All too rarely do government leaders fully think through the effects of their actions — extraterritorial application of law being a prime example.

If a U.S. citizen engages in bank fraud in Germany, clearly the Germans have a right to prosecute him. But does the U.S. government also have the right to prosecute that individual? If a U.S. citizen violates U.S. tax law by not reporting income made in Canada, the United States has the right to charge him. But does Canada also have a right to charge him even if he had reported the income to the Canadians?

The above cases are simple compared to the growing complexity of dealing with a variety of international financial situations where laws differ among jurisdictions and more than one country claims the right to bring charges against individuals and institutions (who may not be their own citizens) for crimes not committed in the country.

Noted legal scholar Bruce Zagaris, who specializes in international financial crime, has written a new paper for the Center for Freedom and Prosperity Foundation that is being released this week. Mr. Zagaris writes: “On one hand, the U.S. has proactively used unilateral extraterritorial law enforcement avenues, as well as its superpower status, to prosecute money laundering and terrorist financing violators and forge multilateral alliances. On the other hand, the U.S.’s unilateralism in the financial enforcement arena has alienated smaller jurisdictions and led to substantial increases in costs for cross-border transactions.”

The U.S. courts have ruled that the U.S. has jurisdiction over extraterritorial conduct or when a non-citizen engages in the conduct at least partly in the United States. In addition, the United States has proactively asserted it “has the right to regulate criminal acts by non-U.S. citizens occurring outside the U.S., as long as they produce effects in the U.S.” As can easily be seen, such a definition is a never-ending slippery-slope, which is causing great conflicts among governments. As a result of the increasingly expansive view of U.S. courts to take cases and enforce judgments extraterritorially, courts and legislatures in other countries are also asserting extraterritorial enforcement authority.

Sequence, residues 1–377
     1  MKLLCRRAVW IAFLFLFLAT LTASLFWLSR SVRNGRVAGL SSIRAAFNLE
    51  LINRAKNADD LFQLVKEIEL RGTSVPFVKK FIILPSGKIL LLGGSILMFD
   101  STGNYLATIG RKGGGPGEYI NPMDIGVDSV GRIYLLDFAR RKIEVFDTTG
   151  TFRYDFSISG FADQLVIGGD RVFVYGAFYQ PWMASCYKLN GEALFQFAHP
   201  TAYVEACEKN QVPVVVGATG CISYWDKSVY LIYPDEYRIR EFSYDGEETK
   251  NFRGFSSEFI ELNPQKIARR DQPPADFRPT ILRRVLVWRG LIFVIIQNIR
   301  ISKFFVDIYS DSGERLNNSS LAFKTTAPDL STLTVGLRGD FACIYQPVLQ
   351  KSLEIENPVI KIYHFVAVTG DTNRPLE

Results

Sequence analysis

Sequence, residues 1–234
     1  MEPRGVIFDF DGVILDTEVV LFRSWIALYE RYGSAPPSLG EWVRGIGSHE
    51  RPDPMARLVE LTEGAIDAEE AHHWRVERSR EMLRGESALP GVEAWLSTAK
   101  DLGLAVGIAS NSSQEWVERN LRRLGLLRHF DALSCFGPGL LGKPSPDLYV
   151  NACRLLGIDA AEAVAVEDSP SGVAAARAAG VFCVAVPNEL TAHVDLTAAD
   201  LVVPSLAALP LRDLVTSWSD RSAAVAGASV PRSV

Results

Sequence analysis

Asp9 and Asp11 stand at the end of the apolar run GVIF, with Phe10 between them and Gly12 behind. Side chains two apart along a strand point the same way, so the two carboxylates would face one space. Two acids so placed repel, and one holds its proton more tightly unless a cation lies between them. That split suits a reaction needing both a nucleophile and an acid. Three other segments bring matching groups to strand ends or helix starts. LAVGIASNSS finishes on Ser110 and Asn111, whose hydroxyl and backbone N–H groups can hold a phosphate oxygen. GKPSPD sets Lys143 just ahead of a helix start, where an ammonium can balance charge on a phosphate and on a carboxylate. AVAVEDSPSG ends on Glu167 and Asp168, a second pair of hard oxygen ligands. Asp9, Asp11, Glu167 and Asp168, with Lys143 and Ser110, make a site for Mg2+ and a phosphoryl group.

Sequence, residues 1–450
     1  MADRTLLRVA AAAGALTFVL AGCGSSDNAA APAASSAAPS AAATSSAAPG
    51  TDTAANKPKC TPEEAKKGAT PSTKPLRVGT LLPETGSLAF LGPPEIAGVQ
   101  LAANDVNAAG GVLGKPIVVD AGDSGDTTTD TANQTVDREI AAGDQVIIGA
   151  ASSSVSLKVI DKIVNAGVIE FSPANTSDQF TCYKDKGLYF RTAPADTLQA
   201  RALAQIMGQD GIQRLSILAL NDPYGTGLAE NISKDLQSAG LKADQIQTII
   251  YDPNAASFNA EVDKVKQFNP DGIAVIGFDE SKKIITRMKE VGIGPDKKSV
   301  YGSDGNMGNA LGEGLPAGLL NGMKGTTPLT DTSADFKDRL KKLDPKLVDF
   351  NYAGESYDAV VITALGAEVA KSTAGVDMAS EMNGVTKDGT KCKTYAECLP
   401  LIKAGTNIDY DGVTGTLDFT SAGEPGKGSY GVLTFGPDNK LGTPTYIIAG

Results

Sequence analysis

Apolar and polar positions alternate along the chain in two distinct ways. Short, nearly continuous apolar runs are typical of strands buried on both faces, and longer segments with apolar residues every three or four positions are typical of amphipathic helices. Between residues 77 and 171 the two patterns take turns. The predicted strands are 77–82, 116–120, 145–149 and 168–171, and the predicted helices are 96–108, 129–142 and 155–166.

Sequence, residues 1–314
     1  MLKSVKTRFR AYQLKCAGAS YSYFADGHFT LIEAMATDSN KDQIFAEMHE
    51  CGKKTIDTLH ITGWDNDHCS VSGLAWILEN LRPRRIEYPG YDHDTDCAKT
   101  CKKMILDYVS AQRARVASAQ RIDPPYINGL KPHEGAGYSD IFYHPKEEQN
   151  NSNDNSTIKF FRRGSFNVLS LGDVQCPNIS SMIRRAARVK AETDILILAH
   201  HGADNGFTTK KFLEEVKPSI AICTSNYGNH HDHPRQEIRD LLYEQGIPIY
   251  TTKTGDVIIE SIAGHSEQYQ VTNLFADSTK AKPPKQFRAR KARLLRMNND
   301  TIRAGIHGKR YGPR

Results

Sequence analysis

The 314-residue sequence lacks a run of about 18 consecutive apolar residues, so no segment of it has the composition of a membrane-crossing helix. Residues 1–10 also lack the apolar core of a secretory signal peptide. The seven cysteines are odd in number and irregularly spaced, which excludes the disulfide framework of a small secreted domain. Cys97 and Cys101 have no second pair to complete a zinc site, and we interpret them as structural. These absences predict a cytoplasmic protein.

Large countries are usually able to defend themselves when other countries try to extend and enforce their laws to the territory of the large jurisdiction, but small jurisdictions are often left in a position where they are unable to defend themselves and their citizens. The major countries have established informal intergovernmental bodies, such as FATF (Financial Action Task Force), which exclude certain jurisdictions from the global financial enforcement regime. Small regimes are merely informed of new “global standards” that they are expected to follow no matter how much damage they may do their economies. Failure to follow the new rules can land them on “black lists” that further isolate them from the world’s financial system. Many of these countries are relatively poor, so we have a situation where the big rich guys make the poorer smaller guys suffer even more.

The global anti-money laundering and anti-terrorist financing regulations have rarely been subject to independent and professional cost-benefit analyses, which again makes it very easy for big states to beat up on small states, without any solid justification. Large states with partially independent, smaller states within their jurisdictions, now find themselves in conflict with other large states. The European Commission blacklisted 23 jurisdictions “for their weak regulation” of the anti-money laundering/anti-terrorist finance policies in February 2019. The list included four U.S. territories — Puerto Rico, Guam, American Samoa and the Virgin Islands. The U.S. Treasury Department immediately condemned the blacklist and said that it did not expect U.S. financial firms to heed it. At this moment, there is a stalemate between the Americans and Europeans — which places an uncertainty tax among all of those involved, reducing investment and growth.

It is difficult enough for businesses and individuals in any one jurisdiction to understand all the laws and regulations that apply to them, but once governments begin to extend their laws and regulations to foreign jurisdictions, the global financial and legal system begins to melt down. Laws and regulations are often in conflict, so those who are engaged in multiple legal jurisdictions are increasingly at risk — which causes them to rationally de-risk by withdrawing investment from those entities least able to defend themselves. The result is slower world growth and job creation.

Now that several U.S. territories have been blacklisted, the Trump administration may well be in the best position to lead a fundamental reform effort. Clear global rules need to be established as to when extraterritorial application of laws is justified and not justified. Issues like dual criminality in tax, anti-money laundering and terrorist finance need to be addressed to bring some rationality and fairness to the system. And finally, procedures need to be established so that any jurisdiction can challenge a rule that does not meet a reasonable cost-benefit test.


Richard W. Rahn is chairman of the Institute for Global Economic Growth and Improbable Success Productions